In Wilsonianism , American foreign relations specialist Lloyd E. Ambrosius has compiled his published and unpublished essays on Woodrow Wilson's liberal ideology and statecraft during and after World War I. Although the president failed in his pursuit of a new world order, his legacy of Wilsonianism - the principles of national self-determination, economic globalization, collective security, and progressive historicism - continued to shape U.S. foreign relations throughout the American Century. Ambrosius examines the American roots of Wilson's liberal internationalism, the dilemmas and contradictions in his principles, and the problematic consequences of U.S. efforts to implement Wilsonian ideals without fully appreciating the world's cultural pluralism as well as its economic and political interdependence. Offering a pluralist variant of the realist tradition in international relations, Ambrosius stresses the centrality of power; but maintains that culture and political economy as well as military strength determine the balance of power within and among nations or empires. Consequently, he concludes, making the world safe for democracy has been more problematic in practice, both at home and abroad, than proclaiming Wilsonian principles in the abstract.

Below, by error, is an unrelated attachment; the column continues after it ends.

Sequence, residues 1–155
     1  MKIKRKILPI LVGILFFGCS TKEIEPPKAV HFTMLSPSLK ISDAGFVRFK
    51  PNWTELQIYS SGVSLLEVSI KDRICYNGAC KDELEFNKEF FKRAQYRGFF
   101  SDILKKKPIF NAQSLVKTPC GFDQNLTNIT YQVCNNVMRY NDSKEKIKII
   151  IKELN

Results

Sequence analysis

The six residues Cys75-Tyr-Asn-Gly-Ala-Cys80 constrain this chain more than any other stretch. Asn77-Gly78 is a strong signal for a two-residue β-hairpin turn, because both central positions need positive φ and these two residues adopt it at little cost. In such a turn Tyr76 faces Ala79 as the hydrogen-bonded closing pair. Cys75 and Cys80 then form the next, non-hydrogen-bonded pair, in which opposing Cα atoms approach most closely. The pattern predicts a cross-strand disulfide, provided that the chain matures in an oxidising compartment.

Books > Political Science and International Relations
Specifications of Wilsonianism